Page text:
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Apple's Lightning to 30-Pin Adapter Torn Apart, Reveals Several Chips and Copious Glue
Apple's Lightning connector uses a controller chip to dynamically assign functionalities to the eight pins found in the connector, enabling it to adapt to different situations. The Lightning to 30-pin Adapter is no exception, containing several chips required to allow that flexible functionality to be passed through to devices using the old dock connector design.
The chips look unfamiliar, but with the same metal finish and some have lasered text. They all appear to be custom and trying to figure out what does what is fruitless. I really took this apart for the DIY community to ascertain if the DAC [digital-to-analog converter] in this thing is actually good, but it's quite unclear. It's probably some integrated audio circuitry in a larger processing chip, that's how these things tend to be done now. One of the chips reads Apple on it with a very long serial number. Another reads 8533 23AP CAB.Peter notes that underneath the plastic shell of the adapter is a significant amount of metal and glue holding the device together and providing strength and durability. The construction makes the adapter extremely difficult to crack open and does not bode well for those seeking to modify the adapter to add functionality.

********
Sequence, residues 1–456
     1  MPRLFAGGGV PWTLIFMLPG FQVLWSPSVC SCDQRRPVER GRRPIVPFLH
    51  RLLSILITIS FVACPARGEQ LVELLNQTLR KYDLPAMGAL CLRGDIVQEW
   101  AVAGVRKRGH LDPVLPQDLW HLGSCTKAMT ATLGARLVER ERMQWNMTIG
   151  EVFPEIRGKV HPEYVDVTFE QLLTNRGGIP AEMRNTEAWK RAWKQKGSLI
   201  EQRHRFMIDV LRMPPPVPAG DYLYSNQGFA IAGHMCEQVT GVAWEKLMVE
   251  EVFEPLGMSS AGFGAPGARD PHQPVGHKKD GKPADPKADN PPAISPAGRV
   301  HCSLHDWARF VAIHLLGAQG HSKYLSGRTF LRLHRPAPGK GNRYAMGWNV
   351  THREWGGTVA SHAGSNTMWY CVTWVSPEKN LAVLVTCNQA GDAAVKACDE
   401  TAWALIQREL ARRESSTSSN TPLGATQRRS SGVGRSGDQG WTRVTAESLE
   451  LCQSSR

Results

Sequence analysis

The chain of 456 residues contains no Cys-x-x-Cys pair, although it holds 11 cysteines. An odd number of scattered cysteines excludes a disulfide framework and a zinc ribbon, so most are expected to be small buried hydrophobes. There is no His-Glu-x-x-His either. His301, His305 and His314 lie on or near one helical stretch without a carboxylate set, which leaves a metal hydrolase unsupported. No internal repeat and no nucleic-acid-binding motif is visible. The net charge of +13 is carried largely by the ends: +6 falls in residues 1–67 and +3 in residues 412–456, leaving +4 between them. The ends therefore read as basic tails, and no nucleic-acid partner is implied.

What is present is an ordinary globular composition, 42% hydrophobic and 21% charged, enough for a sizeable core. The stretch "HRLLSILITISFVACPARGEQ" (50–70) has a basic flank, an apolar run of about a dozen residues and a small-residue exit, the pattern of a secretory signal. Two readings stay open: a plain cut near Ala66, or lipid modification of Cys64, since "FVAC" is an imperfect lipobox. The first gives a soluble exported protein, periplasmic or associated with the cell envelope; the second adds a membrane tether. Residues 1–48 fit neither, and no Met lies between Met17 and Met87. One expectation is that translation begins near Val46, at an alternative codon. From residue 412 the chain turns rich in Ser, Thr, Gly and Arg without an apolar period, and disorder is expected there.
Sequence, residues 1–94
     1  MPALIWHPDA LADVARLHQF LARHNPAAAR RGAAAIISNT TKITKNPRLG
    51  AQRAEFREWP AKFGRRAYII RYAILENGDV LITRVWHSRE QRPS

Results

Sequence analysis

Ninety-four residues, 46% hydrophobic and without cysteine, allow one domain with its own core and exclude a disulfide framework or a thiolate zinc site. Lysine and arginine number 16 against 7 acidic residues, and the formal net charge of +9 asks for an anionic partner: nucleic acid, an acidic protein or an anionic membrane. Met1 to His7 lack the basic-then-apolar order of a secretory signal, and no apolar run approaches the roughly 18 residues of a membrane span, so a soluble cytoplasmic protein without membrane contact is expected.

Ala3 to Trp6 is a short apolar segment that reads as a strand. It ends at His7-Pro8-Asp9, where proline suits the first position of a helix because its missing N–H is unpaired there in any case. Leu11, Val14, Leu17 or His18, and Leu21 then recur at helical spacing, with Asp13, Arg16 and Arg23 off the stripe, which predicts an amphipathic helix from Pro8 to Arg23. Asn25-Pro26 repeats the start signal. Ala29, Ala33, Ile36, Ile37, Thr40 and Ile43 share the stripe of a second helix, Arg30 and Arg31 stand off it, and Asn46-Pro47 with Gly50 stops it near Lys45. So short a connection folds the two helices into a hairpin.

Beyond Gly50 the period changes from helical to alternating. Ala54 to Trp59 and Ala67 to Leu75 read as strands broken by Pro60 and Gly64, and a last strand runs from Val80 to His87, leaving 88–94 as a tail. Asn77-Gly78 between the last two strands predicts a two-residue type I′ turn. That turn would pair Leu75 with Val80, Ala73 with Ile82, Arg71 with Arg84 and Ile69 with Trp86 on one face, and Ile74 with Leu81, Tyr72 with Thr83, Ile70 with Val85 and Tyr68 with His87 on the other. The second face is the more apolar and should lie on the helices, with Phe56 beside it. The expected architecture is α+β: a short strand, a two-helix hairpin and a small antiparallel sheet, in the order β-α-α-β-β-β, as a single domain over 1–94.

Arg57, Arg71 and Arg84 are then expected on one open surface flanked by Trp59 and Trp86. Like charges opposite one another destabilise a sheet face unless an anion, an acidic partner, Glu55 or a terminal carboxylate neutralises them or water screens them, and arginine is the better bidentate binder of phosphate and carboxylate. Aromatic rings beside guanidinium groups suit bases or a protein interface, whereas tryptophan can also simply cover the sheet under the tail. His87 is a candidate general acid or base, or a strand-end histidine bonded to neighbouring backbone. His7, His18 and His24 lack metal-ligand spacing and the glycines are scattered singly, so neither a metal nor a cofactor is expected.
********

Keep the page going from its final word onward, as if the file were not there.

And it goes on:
I really had high hopes that I could get into this thing and attach an audio output cable, but I should have known better. This thing is even more fearsomely reinforced than the Lightning USB cord, by a factor of 10, surely to thwart those that want to hack it, and also so that it cannot break easily. Nobody should balk at paying $29 for this after they see what is inside, though.Despite the complexity of the adapter evidenced its $29 price tag, integrated electronics, and sturdy construction, the device has also been receiving criticism for incompatibility with a number of accessories. Users have been reporting mixed results in using the adapter with their 30-pin accessories, and users hoping to plug in the adapter with a case on their iPhone 5 may find that the adapter's bulk prevents it from working with all but the thinnest cases or cases with nearly fully open bottom edges. As a result users with cases on their iPhones may prefer to opt for the more expensive cable-equipped adapter that uses a standard-sized Lightning connector assembly rather than embedding the connector directly into the bulky adapter.